2007 was a big melt out year, I am not denying that.  But there appears to be a new trend in 2+ year ice starting ~2001/2 and continuing until ~2008. I am not sure why you would see this trend as a one year event. Surely it is more a process that became particularly visible in 2007?

Do these images work or do you have to be logged in?

Early March 2001


Early March 2008

crandles

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Re: When will the Arctic Go Ice Free?
« Reply #1435 on: December 05, 2019, 01:34:56 PM »

Crandles' theory makes sense to me.  But I would change "The 2-3 year ice is pretty steady til 2002, then downwards every year til 2008.... etc." to "The 2+ year old ice...". 
     It is the combination of decline in the 2-3, , 3-4 and 4+ age categories (esp. the 4+ year ice) that causes the steep slope ca. 2001-2007. 

Correct, of course.

Really? And what then caused the steep slope between 1998 and 2004? And the steep slope between 2011 and ongoing? And what caused the steep rise between 2005 and 2010?


Correct of course was me admitting I got the 2/3 year description wrong it should be 2+ year.

The new trend in 2+ year ice starts by 2002. This continues to ~2008. So this explains steep ice loss ~2002-2008. Not a perfect match for your 1998 to 2004 but I think those date are a little early and the precise times of the changes in slope are not very clear. There is also a possibility that the process is more likely to start with a larger than normal loss of extent eating into Chukchi so the explanation can have earlier extent loss than the ice age area losses. It is a pretty good match and is in the scientific literature as an explanation.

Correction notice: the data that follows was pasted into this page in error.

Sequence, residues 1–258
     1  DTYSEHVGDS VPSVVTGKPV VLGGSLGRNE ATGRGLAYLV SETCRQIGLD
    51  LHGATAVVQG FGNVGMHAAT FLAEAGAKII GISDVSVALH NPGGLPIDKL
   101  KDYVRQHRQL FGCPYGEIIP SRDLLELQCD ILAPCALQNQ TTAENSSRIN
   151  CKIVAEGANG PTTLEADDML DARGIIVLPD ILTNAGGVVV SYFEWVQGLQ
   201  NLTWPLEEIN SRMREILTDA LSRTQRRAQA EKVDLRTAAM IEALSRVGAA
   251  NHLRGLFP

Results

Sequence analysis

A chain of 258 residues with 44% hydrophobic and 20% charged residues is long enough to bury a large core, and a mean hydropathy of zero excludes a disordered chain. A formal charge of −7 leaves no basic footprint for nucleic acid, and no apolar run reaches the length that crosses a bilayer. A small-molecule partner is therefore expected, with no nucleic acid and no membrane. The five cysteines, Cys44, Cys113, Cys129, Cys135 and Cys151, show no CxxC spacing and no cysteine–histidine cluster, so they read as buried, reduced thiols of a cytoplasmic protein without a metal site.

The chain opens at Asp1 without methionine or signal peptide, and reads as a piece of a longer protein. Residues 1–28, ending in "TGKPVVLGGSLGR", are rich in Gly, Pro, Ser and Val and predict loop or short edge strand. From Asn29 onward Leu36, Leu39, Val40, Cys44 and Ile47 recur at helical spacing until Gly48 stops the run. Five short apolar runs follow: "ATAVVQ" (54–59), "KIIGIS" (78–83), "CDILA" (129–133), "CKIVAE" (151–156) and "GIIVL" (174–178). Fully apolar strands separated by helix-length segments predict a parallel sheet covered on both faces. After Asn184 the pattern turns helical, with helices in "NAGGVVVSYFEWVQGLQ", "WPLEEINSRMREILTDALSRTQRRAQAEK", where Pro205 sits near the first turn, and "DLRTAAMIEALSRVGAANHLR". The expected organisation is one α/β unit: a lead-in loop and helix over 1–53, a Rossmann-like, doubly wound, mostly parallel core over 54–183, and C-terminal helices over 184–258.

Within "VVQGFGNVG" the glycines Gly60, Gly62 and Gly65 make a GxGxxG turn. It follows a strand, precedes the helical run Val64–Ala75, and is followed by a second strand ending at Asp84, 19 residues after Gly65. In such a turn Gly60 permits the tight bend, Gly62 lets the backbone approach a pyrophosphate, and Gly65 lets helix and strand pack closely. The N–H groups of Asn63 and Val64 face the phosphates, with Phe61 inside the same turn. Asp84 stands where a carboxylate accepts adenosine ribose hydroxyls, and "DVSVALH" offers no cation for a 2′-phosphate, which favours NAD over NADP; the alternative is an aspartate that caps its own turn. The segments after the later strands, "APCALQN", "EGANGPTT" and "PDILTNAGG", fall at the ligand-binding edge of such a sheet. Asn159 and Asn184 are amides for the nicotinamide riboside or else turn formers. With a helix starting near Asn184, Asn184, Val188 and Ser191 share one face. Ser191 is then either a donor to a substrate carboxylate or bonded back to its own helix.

Once we have got down to the new lower level of MYI the the reason for the rapid extent losses has ceased so the rate of loss goes back up to a more normal level.

>And the steep slope between 2011 and ongoing?
I am not attempting an explanation of that, just the big dip and return to normal.


nanning

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Re: When will the Arctic Go Ice Free?
« Reply #1436 on: December 05, 2019, 05:05:19 PM »
A live stream of COP25
"special event: Special report on the Ocean and Cryosphere in a Changing Climate (SROCC)"

https://unfccc-cop25.streamworld.de/webcast/joint-sbsta-ipcc-special-event-special-report-on-t

edit: this live stream is finished but the link to COP25 is valid.
I have watched and my conclusion is: ESLD (erring on the side of least drama)
« Last Edit: December 05, 2019, 06:59:00 PM by nanning »
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Glen Koehler

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Re: When will the Arctic Go Ice Free?